Rosicrucian Writings Online



[From The Rosicrucian Digest January 1934]
OUR knowledge of existence or being starts with our own consciousness. In fact, it is our consciousness and reason which assign form to all being. Being, of course, exists apart from the mind of man and always has existed. Since being pervades the entire universe and is the universe, it is self-generated. Something cannot arise from nothing; for the same reason is all being indestructible, for where could matter or energy be placed if it were to be removed from the universe? To destroy something means to do away with it completely. If being is Infinite, its nature must be without end. Therefore, it can be reduced indefinitely and yet have existence. When a substance is reduced by man to motion or a primal energy, it still is being, even if only an infinitesimal impulse.
It is through motion, the eternal essence, that we perceive being. Where the motion is beyond our human ability to detect it, there we say exists space. Therefore, by relative comparison do we designate certain manifestations of our universe as matter and others as space. If, in reality, space was a void, it would have no existence; therefore, it would not be part of our universe, and our universe would continue to be just that which had existence, or being, as previously declared. But since we perceive space alike with matter, it, like matter, is also being, a part of our physical universe. It is but a different phase of the all-pervading universal Cosmic motion. As the true nature of what we designate as space is not as yet perceivable by man, the sensations its impulses do engender in the consciousness, through the senses, are always the same to all men and for that reason all men assign the same form to space.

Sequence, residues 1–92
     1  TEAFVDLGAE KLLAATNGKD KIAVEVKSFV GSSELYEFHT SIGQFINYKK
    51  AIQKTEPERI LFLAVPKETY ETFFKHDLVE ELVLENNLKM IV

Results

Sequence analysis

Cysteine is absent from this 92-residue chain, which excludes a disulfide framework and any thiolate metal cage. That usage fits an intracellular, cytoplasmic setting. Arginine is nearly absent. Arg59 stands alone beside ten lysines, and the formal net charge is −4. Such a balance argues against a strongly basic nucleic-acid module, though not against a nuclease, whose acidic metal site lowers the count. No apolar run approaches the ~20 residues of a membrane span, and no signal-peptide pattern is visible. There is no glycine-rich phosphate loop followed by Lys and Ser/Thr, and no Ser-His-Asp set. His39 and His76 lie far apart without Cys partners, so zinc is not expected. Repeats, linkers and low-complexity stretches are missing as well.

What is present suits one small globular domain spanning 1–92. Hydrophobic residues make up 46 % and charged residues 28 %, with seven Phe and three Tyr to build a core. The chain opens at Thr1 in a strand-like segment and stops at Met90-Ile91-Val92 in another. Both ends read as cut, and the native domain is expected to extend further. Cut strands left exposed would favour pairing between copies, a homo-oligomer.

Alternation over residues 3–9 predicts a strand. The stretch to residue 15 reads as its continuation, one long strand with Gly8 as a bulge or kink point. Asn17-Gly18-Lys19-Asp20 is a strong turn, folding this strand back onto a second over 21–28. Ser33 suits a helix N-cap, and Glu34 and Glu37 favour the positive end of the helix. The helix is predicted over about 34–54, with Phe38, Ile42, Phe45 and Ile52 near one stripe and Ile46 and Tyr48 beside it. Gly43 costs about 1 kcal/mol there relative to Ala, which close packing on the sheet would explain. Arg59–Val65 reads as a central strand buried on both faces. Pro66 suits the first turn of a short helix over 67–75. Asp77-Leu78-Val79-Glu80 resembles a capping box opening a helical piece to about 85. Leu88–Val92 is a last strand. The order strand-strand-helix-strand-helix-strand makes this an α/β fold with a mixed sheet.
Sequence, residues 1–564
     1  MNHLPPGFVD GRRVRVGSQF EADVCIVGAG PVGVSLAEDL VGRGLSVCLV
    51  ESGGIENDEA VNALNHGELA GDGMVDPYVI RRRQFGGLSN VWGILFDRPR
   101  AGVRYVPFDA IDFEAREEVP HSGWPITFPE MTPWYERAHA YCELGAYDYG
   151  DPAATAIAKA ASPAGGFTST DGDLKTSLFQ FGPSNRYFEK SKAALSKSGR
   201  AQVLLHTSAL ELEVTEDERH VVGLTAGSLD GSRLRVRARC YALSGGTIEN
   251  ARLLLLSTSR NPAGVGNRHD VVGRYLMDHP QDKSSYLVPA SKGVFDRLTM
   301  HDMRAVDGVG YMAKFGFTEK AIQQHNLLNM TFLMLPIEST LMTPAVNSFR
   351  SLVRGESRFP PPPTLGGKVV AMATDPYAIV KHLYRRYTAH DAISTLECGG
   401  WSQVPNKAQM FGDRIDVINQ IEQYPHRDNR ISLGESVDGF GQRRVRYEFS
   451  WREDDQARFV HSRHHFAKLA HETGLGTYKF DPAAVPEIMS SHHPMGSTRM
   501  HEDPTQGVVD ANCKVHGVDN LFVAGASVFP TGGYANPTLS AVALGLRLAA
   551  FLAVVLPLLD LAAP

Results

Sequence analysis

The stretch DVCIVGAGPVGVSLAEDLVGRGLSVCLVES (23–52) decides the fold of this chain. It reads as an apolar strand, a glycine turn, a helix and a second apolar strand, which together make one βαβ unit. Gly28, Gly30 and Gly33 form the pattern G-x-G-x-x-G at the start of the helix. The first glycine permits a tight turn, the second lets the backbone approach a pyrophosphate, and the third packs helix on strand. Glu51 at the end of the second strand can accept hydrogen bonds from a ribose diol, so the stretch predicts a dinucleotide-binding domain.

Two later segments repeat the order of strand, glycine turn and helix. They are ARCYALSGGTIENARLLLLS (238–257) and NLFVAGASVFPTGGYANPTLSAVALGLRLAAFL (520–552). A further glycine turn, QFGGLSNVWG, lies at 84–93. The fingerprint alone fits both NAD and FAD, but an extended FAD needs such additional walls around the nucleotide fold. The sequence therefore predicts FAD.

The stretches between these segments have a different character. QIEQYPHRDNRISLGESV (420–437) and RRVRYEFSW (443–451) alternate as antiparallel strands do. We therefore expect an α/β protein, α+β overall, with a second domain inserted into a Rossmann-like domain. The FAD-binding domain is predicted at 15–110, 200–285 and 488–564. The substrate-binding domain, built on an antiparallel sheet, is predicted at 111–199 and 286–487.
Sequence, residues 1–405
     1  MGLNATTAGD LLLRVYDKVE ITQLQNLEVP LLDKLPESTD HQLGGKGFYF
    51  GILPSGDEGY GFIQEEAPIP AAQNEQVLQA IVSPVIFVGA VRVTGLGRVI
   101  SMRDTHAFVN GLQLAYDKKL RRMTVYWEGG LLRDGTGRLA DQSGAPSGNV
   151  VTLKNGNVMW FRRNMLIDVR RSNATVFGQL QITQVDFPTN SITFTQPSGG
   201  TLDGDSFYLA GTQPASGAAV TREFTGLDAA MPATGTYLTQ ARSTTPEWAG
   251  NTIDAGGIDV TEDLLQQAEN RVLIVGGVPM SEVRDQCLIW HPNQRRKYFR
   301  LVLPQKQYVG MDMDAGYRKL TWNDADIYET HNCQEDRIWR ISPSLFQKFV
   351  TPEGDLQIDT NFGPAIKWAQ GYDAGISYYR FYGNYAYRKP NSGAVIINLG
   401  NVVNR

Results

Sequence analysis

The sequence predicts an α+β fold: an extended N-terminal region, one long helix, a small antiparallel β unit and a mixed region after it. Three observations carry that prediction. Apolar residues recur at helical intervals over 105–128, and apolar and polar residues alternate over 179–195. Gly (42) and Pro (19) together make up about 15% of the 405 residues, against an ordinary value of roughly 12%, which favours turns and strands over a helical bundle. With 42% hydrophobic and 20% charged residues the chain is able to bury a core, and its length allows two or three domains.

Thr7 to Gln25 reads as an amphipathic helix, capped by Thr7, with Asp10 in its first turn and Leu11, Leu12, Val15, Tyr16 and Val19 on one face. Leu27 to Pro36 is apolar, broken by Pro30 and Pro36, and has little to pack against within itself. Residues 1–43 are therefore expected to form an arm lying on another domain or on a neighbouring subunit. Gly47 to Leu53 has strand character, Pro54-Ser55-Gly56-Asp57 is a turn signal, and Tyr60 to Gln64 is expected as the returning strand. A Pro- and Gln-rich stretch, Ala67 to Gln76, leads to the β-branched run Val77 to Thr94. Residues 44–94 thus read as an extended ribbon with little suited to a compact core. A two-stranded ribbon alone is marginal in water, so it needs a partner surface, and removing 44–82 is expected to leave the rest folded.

What man designates as matter are particular manifestations of being, differences in motion, discernible by the human senses, and these differences are given identity, name, and form by the human consciousness. Fundamentally, all being is motion. Foundationally, there is no difference between space and matter. Certain variations of motion produce corresponding sensations in the mind of man. To these sensations man attributes the form of things he says he knows. Our universe is therefore formless. Knowledge is a matter of personal interpretation of the impulses emanating from being and arises alone within the mind. We may perceive from without, but we know from within.
The fullness of human life depends on two functions. The neglect of either function deprives man of his possible attainment. The first function is observation or concentration in the popular sense--that is, voluntary alertness, the focusing of the consciousness, by effort of the will, upon the impulses of matter received through the senses, the effort to try to see, hear, taste, feel and smell as much as possible. This is concentration upon the world of reality and the orderly assembly of the consequent sensations by the reason. Failure to do this limits your knowledge of being.
The second function is meditation and imagination. After numerous sensations have been registered in the mind or experiences acquired, there must be reflection upon them, if their import is to be appreciated. The sensations must be recollected and carefully scrutinized, and their worth determined. The imaginative process consists of the assembly of these sensations into new sensations and forms not like anything previously perceived. In this manner man may create in his mind a reality, which in its composite form may have no existence in the universe, even though the elements of that form would have. The imagination of man, therefore, makes up the lack of his physical senses and his inability to perceive but a portion of all being in the universe. Imagination enlarges man's world of reality. Although the physical senses limit man to the knowledge of only that being which he can perceive, the imagination affords him the opportunity of countless combinations of the sensations previously received and accordingly advances his sphere of reality. The dependability of imagination's forms may be severely questioned, but so may be the dependability of the forms attributed to the reality which man perceives through his senses. But inasmuch as knowledge arises within the mind of man, the true nature of existence apart from man's comprehension of it is of little consequence. This statement is, however, obviously polemic. Consider well the importance and exercise of these two functions of man.

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